Wednesday, December 5, 2007

His hands rested on her pubis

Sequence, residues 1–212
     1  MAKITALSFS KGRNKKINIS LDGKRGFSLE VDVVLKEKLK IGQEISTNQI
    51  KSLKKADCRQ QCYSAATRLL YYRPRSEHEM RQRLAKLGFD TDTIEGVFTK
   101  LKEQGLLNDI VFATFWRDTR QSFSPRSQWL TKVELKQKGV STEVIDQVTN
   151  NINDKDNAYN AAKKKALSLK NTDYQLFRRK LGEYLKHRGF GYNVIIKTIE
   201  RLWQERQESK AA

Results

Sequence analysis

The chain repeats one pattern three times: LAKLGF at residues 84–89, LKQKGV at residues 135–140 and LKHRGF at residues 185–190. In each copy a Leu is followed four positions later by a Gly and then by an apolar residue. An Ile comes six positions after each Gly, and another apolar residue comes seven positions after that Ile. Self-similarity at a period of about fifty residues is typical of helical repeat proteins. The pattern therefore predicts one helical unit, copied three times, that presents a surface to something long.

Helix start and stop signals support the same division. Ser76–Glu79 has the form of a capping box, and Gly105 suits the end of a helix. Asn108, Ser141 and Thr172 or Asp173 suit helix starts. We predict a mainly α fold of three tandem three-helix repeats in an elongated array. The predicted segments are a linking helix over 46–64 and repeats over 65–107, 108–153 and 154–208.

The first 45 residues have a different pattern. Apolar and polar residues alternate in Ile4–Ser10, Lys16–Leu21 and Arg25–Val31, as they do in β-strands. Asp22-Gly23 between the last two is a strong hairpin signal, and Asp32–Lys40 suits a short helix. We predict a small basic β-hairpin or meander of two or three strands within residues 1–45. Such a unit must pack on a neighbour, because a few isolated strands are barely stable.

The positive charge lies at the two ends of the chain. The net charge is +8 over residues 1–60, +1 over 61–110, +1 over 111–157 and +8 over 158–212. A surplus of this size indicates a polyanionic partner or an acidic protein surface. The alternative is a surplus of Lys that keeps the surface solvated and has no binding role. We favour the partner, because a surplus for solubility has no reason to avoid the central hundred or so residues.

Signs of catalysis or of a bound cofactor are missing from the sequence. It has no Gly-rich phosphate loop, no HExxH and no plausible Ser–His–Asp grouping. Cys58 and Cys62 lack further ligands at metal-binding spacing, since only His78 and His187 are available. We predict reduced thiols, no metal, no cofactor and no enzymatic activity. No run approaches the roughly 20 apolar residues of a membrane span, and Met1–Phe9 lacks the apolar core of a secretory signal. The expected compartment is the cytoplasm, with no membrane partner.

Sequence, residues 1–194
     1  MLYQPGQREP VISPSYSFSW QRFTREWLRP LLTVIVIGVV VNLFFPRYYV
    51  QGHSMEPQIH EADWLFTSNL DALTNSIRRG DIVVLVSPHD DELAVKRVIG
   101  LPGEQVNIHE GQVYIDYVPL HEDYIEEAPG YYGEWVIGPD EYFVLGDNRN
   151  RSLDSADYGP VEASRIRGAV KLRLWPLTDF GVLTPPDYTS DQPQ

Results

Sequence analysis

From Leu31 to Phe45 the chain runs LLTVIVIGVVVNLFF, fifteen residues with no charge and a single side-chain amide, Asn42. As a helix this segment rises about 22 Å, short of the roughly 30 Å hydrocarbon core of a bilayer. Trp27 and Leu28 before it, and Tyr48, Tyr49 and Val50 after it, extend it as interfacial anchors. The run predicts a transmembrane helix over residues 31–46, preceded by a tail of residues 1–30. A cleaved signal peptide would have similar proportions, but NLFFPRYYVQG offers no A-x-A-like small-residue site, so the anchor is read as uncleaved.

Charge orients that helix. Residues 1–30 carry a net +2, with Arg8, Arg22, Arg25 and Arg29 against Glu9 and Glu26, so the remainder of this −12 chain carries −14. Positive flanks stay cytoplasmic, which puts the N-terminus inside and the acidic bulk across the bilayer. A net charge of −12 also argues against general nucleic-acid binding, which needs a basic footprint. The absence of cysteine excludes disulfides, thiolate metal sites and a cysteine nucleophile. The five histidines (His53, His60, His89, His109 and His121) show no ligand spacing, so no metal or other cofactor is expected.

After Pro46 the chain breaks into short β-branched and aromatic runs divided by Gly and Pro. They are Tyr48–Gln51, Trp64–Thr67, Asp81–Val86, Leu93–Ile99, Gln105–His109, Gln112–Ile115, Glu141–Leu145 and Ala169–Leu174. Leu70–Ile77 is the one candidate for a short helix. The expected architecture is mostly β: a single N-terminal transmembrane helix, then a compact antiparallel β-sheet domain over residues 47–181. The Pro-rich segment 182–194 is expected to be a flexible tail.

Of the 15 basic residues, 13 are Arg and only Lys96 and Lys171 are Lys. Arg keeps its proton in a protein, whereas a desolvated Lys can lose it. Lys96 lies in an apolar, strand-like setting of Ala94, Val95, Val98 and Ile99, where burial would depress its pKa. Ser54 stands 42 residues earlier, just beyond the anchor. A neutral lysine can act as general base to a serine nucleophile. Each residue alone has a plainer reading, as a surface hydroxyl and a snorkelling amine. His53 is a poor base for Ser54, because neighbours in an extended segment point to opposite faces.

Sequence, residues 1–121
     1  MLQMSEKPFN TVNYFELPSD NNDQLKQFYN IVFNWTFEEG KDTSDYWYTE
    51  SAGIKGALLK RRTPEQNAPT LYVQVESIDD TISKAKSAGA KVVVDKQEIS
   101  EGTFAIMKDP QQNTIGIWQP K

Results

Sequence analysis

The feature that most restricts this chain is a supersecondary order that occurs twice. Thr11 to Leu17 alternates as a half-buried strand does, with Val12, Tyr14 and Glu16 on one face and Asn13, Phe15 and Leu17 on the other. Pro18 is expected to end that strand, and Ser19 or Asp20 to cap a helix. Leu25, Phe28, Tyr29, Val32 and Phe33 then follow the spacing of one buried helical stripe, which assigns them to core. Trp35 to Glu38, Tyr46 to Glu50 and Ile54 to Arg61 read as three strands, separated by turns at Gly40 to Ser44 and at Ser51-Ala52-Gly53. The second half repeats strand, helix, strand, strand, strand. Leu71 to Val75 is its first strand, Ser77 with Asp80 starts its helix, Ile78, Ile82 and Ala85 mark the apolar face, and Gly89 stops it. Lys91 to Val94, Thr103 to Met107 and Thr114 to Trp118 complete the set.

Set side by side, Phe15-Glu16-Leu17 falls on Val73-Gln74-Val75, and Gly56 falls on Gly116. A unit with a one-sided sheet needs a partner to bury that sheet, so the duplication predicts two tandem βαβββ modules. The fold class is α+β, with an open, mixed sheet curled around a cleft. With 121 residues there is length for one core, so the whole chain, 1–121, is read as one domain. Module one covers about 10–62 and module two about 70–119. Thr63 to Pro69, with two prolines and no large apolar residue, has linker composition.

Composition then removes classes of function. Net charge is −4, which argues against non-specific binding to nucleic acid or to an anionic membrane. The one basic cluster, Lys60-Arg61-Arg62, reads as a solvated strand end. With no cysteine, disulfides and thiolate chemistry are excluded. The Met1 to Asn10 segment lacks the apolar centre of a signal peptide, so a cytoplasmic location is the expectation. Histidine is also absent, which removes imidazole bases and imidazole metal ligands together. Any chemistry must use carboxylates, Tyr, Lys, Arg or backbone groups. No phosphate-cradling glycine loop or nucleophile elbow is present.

In 1986, near a village called Dolni Vestonice in the Czech province of Moravia, the bodies of three teenagers were discovered in a common grave. A specialist was immediately summoned from Brno, some twenty-five miles to the north, and under his care the remains were exhumed and faint remnants of the youths' identities revealed. Two of the skeletons were heavily built males. By its slender proportions, the third was judged to be female, aged seventeen to twenty. A marked left curvature of the spine, along with several other skeletal abnormalities, suggested that she had been painfully crippled. The two males had died healthy, in the prime of their lives. The remains of a thick wooden pole thrust through the hip of one of them hinted that his death might not have been entirely natural. Both young men had been laid to rest with their heads encircled with necklaces of pierced canine teeth and ivory; the one with the pole thrust up to his coccyx may also have been wearing some kind of painted mask. All three skulls were covered in red ocher. The most peculiar feature of the grave, however, was the arrangement of the deceased. Whoever committed the bodies to the ground extended them side by side, the woman between her two companions. The man on her left lay on his stomach, facing away from her but with his left arm linked with hers. The other male lay on his back, his head turned toward her. Both of his arms were reaching out, so that his hands rested on her pubis. The ground surrounding this intimate connection was splashed with red ocher.Dolni Vestonice is also the site of the earliest known potter's kiln. For acres around, the fertile clay soil is seeded with carved and molded images of animals, women, strange engravings, personal ornaments, and decorated graves. In the main hut, where the people ate and slept, two items were found: a goddess figurine made of fired clay and a small and cautiously carved portrait made from mammoth ivory of a woman whose face was drooped on one side The goddess figurine is the oldest known baked clay figurine. On top of its head are holes which may have held grasses or herbs. The potter scratched two slits that stretched from the eyes to the chest which were thought to be the life-giving tears of the mother goddess. (...more >>>)


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